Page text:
Michael Brown shooting: Ferguson braced for more violence after verdict on police shooting of unarmed teenager

Missouri residents fear a repeat of the rioting that followed Michael Brown’s death

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The calm that has mostly returned to the streets of Ferguson, Missouri, in the wake of the violent protests triggered by the police shooting in August of an unarmed teenager might soon be shattered as a grand jury prepares to return a verdict on the case.

Tense behind-the-scenes negotiations are under way between local police chiefs and representatives of assorted protest groups, many gathered under the banner of the Don’t Shoot Coalition, to establish guidelines for the demonstrations that are almost certain to break out. The risk will be particularly high if, as many expect, no charges are pressed against the officer, Darren Wilson, for the shooting of 18-year-old Michael Brown.

The shooting had racial overtones because Mr Brown was black while Mr Wilson is white.

Ferguson, just north-west of St Louis, became the focus of world attention when a series of night-time marches to protest the 9 August shooting of Mr Brown repeatedly dissolved into violent and chaotic clashes between those protesting and the police, with members of the media caught in the middle. The response of the authorities brought criticism from many quarters, including the White House.

While there is little transparency about the workings of the grand jury that must decide whether or not Mr Wilson should face criminal charges, its verdict is expected within days. The police should “prepare for the worst”, Ferguson Mayor James Knowles said last week.

Protests are unlikely to be limited to Ferguson and could spread across the area and into central St Louis.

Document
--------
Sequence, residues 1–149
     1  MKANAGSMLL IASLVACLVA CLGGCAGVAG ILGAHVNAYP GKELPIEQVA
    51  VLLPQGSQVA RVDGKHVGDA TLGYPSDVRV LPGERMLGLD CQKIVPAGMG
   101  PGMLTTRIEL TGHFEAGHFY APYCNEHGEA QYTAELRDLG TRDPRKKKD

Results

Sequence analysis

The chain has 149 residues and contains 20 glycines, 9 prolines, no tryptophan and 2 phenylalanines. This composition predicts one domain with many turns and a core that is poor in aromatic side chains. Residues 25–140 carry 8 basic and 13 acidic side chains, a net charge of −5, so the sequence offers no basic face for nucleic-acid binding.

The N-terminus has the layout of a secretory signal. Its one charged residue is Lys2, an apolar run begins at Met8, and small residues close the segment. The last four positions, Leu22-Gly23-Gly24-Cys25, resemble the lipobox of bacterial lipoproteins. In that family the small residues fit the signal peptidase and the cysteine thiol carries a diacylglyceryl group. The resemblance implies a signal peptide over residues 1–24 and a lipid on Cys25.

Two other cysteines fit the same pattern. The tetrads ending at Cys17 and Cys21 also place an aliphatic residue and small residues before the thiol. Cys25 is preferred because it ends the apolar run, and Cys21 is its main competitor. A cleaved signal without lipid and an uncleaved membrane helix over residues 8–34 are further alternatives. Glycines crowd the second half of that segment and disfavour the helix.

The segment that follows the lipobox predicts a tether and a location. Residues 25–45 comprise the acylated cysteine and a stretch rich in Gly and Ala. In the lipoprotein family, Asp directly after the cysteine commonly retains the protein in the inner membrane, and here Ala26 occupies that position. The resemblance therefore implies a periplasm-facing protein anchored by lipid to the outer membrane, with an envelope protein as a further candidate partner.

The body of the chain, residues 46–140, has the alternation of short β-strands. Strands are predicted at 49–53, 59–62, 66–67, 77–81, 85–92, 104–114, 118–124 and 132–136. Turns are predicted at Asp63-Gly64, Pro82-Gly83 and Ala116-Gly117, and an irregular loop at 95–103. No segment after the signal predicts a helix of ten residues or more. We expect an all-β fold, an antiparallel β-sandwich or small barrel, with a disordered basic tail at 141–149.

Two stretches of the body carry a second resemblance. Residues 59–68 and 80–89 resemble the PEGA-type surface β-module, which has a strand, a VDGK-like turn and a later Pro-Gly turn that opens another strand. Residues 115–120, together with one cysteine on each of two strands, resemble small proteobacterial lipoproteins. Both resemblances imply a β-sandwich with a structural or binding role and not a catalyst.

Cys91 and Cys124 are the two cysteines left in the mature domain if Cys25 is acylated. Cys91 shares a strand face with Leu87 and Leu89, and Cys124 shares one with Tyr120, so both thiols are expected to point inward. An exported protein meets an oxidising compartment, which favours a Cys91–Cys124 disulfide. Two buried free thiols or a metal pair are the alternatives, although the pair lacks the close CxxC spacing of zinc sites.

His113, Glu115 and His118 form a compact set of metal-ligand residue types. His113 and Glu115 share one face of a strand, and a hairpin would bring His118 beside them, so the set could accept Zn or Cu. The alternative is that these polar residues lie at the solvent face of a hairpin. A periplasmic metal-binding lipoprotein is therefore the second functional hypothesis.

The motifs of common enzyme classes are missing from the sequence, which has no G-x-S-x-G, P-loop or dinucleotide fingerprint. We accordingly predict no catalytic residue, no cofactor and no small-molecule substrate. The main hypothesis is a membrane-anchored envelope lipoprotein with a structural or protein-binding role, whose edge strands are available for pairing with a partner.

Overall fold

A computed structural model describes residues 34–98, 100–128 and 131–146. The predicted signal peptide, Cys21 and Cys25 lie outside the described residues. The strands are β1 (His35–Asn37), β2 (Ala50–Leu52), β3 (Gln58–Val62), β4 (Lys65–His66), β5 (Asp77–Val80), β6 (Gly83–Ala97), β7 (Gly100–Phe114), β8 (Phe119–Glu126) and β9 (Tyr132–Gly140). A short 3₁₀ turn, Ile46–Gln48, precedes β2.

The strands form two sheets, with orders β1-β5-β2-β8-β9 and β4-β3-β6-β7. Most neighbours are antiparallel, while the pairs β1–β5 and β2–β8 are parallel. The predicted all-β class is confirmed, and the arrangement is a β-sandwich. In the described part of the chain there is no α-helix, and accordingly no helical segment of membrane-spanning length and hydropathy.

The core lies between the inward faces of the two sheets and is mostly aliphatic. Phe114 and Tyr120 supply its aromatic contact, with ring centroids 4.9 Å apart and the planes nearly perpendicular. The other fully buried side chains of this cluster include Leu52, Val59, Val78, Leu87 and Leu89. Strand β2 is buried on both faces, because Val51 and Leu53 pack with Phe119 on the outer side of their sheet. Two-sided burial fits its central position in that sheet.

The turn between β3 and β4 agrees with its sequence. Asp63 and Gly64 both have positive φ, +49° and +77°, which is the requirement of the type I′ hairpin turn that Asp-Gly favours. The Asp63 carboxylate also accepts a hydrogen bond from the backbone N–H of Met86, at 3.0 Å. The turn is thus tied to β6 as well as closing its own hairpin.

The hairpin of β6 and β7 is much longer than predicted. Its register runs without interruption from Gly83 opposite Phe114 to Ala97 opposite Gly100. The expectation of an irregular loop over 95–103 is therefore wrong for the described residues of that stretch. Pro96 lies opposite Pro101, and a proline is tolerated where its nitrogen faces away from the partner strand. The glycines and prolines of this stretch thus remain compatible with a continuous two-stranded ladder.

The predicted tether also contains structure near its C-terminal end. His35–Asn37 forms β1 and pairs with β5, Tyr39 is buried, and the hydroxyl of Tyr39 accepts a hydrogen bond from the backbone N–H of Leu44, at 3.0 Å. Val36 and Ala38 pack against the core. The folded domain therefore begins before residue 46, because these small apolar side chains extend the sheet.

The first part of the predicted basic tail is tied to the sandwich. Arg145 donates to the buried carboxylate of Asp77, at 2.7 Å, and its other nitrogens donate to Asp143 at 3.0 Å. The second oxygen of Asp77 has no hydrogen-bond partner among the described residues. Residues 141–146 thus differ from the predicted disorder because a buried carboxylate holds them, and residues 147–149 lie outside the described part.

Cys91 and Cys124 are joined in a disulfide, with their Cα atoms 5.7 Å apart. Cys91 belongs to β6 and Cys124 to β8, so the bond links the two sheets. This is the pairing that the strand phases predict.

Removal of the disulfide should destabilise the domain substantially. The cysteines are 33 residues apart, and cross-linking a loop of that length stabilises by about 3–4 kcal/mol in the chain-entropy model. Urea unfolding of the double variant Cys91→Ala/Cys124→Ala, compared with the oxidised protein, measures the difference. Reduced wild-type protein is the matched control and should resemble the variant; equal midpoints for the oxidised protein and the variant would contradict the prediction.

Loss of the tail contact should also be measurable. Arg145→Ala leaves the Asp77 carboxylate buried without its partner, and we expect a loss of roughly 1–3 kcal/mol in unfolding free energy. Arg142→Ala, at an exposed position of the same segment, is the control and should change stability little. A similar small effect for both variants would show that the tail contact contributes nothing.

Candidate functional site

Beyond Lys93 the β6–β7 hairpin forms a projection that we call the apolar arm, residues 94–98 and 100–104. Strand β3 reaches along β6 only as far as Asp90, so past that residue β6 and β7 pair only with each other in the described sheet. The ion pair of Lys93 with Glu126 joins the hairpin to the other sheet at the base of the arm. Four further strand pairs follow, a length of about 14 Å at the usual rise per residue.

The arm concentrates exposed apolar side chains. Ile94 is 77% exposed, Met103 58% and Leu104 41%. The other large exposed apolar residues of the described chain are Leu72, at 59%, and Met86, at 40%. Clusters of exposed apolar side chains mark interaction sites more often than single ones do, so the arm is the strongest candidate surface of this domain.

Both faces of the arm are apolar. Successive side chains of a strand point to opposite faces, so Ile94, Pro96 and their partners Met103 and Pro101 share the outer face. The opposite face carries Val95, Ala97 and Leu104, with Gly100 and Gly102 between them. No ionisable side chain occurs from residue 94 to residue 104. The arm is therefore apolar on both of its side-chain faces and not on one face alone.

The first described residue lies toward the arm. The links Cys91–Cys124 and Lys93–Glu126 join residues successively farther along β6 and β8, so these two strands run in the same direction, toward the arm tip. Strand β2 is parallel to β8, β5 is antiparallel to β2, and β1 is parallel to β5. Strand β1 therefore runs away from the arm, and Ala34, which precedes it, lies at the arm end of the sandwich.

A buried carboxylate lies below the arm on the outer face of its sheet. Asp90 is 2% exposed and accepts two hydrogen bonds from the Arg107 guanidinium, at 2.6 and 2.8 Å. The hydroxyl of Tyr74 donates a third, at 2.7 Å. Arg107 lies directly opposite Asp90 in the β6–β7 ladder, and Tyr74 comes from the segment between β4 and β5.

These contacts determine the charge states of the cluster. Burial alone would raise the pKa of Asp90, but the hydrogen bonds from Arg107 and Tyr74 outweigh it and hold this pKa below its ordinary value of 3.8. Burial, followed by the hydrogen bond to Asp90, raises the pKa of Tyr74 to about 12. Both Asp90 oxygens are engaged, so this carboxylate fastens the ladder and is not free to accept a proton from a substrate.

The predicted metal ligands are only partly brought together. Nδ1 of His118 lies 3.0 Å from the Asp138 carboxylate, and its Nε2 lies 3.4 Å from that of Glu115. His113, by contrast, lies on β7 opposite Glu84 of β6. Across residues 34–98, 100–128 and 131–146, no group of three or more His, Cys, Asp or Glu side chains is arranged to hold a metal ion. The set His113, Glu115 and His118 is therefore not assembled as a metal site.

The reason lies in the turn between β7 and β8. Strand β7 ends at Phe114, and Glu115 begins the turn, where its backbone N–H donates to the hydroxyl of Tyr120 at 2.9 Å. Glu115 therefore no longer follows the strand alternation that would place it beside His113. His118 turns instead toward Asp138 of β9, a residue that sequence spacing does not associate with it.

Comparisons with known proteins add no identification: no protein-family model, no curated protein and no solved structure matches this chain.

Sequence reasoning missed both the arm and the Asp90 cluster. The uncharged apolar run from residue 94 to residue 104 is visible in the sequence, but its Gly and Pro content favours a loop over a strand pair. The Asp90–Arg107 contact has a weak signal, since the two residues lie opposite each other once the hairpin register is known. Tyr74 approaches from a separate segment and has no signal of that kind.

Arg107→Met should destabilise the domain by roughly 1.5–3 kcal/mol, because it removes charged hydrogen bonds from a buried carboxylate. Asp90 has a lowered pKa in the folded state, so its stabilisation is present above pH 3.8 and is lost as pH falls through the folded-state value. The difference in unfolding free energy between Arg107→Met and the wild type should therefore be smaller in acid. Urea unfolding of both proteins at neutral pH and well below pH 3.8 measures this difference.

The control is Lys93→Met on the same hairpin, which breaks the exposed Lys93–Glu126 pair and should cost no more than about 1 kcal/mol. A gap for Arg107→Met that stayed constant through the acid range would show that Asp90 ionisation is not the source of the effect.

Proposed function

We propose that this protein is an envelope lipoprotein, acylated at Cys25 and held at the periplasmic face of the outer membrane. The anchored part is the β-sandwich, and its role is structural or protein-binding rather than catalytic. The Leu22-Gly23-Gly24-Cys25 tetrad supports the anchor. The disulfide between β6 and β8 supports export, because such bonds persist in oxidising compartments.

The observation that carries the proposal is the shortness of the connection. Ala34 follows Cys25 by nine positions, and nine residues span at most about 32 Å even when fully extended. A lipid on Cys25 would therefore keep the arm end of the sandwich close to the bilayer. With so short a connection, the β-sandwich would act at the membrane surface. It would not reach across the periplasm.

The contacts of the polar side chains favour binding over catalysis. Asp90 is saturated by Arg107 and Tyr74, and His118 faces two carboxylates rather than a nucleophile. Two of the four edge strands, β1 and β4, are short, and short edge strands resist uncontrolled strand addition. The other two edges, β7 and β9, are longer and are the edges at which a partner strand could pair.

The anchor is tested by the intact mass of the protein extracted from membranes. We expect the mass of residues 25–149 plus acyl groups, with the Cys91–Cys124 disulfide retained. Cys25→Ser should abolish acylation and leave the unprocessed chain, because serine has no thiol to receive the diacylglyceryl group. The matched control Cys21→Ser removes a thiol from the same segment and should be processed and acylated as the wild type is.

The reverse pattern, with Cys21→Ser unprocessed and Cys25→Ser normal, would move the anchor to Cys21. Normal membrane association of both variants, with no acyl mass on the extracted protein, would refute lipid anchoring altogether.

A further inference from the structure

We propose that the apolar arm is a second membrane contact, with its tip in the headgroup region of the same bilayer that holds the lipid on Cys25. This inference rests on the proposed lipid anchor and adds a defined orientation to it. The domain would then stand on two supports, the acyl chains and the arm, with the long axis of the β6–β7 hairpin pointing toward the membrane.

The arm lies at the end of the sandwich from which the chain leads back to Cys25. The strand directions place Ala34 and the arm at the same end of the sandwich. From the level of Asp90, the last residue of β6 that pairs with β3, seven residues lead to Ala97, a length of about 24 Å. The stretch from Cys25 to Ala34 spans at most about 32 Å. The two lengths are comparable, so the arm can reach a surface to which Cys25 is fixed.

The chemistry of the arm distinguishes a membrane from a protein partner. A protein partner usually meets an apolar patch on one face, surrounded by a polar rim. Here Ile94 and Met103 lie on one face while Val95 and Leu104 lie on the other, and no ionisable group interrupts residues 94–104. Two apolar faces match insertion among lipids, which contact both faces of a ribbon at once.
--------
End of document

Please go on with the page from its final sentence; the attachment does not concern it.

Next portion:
There are still conflicting narratives about what happened on the night of the shooting, with some witnesses insisting that Mr Brown was gunned down for doing little more than walking in the middle of the street and that his hands were raised in surrender when he was shot.

But Mr Wilson is believed to have told the grand jury that Mr Brown lunged at him as he sat in his cruiser, punched him and fought to snatch his gun.

The Don’t Shoot Coalition last week issued proposals for 19 Rules of Engagement that both sides would abide by to try to prevent a repeat of the summer’s violence. They include a demand that, unlike in August, the police as far as possible would desist from wearing riot gear when handling the protests and from using paramilitary equipment including armoured vehicles.

Activist groups that mobilised to turn the shooting into a symbol of police abuse of minorities may again converge on Ferguson from across the country. Even a verdict pressing charges may not stop them. “After the verdict, no matter what it is, people are going to pour into the street – either in celebration or in rage,” said Montague Simmons, who leads the Organisation for Black Struggle.

The chief of the Missouri Highway Patrol, Ron Johnson, who was picked to take over the police response to the protests in August after violence spiralled, and his counterparts from Ferguson and St Louis County will appear on local radio shows and speak at community meetings this week to promise restraint from their side and to ask for the same from residents and protesters.

They have already spent the past several weeks seeking out meetings with the various protest groups. “The majority of their group are respectful but have the right to have their emotions heard,” said Sam Dotson, the head of the Ferguson police.

“They don’t want that to be compromised by a small number of people,” he added, referring to individuals who may be set on a violent response to the verdict.